Thursday, June 07, 2018

Wednesday, June 06, 2018

The Poppy Memorial

This past Memorial Day weekend the The Poppy Memorial appeared on the National Mall:
Visitors to the National Mall on Memorial Day weekend will encounter a wall of bright red poppies, installed to commemorate the men and women who have died in uniform in the century since World War I.

Retired Navy Vice Adm. John Bird tells NPR the project uses 645,000 synthetic flowers — one for each American killed in an international conflict since the start of World War I — pressed against acrylic panels, which are backlit for dramatic effect.

"The Poppy Memorial visualizes the magnitude of that sacrifice and reminds us all of the price that was paid," said Retired Vice Admiral John Bird, the automobile association's senior vice president of military affairs. "We are grateful to the National Park Service for allowing us to display this inspiring and educational exhibit among the permanent monuments, as a testament to the enduring bravery of our men and women in uniform."

It was a very moving tribute and brought home how many people we're lost.

Birthday Baseball Returns

It was a tradition for many years that there would be a baseball game on my birthday.

One of my favorites was in 2012.

But last night's was pretty special too. In part because it was the first time in three years that I'd been to a game on my birthday. Mostly it was because of the performance of Max Scherzer. He is always amazing to watch. But tonight was something special. He had what is called an immaculate inning.

Here's how it unfolded:
The perfection began with a slider for a called strike against Johnny Field, who had doubled for the Rays’ first hit in his previous at-bat. Scherzer, taking no chances, finished him off with whiffs on a slider and a change-up. Next up was poor Christian Arroyo, tasked to pinch-hit against a revved-up hacksaw. Fastball looking, fastball swinging, change-up swinging. Strikeout. Two outs.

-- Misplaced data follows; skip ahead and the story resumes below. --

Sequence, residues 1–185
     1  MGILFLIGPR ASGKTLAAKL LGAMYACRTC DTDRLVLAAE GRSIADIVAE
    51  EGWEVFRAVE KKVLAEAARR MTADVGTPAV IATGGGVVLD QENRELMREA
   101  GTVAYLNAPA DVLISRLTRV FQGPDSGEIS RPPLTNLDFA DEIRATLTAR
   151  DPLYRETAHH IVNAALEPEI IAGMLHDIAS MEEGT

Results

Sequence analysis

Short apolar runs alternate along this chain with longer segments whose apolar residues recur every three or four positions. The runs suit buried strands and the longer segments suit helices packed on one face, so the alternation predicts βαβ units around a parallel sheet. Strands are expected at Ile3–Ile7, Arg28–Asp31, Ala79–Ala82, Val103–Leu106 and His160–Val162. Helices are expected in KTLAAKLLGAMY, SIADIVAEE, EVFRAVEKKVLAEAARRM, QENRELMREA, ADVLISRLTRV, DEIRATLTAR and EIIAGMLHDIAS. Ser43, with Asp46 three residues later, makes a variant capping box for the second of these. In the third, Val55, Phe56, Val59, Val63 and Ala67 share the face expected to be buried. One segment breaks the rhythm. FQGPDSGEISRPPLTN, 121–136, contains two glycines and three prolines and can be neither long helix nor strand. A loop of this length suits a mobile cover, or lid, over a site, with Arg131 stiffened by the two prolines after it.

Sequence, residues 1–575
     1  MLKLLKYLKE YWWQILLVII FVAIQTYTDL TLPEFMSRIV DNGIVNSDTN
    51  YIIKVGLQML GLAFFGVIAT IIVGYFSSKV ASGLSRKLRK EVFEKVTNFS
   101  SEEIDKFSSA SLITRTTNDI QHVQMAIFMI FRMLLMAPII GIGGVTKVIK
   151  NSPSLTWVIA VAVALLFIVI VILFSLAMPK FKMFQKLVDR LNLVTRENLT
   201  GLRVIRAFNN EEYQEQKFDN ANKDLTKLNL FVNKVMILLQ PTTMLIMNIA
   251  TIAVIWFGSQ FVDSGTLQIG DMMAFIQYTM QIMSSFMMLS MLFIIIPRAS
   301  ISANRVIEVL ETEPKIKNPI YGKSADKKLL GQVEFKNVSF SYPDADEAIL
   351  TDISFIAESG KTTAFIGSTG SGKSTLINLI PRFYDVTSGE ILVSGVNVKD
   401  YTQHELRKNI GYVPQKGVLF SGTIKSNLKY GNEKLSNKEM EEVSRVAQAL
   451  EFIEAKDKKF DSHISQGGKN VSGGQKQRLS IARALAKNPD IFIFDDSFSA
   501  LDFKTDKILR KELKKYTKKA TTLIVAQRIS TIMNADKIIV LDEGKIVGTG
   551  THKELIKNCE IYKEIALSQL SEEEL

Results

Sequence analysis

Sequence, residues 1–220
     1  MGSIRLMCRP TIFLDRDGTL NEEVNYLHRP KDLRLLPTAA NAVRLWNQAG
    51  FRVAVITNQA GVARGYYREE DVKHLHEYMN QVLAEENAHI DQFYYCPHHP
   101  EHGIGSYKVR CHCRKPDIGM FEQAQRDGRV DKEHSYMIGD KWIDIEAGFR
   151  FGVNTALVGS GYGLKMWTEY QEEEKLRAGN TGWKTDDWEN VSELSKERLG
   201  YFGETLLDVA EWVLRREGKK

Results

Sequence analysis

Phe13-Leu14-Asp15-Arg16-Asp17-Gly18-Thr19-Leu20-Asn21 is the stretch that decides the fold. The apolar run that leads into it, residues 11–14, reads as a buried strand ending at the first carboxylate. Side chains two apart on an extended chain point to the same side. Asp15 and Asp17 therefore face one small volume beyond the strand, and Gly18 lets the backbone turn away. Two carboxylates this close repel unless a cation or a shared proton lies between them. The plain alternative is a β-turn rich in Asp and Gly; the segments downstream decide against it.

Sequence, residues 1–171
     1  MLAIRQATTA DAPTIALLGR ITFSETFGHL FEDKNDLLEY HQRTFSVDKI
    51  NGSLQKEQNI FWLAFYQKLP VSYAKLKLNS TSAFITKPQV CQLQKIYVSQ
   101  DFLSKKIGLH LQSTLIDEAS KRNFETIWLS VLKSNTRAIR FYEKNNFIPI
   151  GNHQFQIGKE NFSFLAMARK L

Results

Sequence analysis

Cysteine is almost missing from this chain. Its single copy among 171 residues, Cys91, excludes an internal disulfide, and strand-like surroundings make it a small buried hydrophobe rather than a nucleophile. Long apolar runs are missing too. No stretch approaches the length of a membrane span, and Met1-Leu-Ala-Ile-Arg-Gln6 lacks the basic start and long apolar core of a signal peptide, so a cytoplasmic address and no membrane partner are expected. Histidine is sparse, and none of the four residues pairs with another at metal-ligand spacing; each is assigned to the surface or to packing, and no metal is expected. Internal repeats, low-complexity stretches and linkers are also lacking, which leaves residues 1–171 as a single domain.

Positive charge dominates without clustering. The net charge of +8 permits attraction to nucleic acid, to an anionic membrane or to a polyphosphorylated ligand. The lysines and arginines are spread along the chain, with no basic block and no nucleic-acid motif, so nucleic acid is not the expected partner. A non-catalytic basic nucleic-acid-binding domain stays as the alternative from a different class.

That brought up Daniel Robertson, Tampa Bay’s leadoff hitter and on-base-percentage leader. Robertson put up a valiant fight, fouling back a fastball, but that made it 0-2 and Scherzer wasn’t about to let him escape. He challenged Robertson with a 96-mph fastball. Robertson swung through it for strike three, giving Scherzer his second career nine-pitch, three-strikeout inning. The only other pitchers in baseball history known to have completed two such innings are Lefty Grove, Sandy Koufax, Nolan Ryan and Randy Johnson. All are in the Hall of Fame. Scherzer continues building his case to join them.

“I honestly didn’t know it happened,” Scherzer said. “Then I walked off the field and I was like, ‘Wait a second, I think that was it.’ So, yeah, that’s cool.”

We had two sets of sets too. A friend was going to go to the game. Her husband gets tickets from his office. She said she was busy every night this week and so wanted one day off. So she offered me the tickets. We sat in the seats through the 6th inning. Then we went for ice cream. After ice cream we sat in our regular seats. It was a really good night.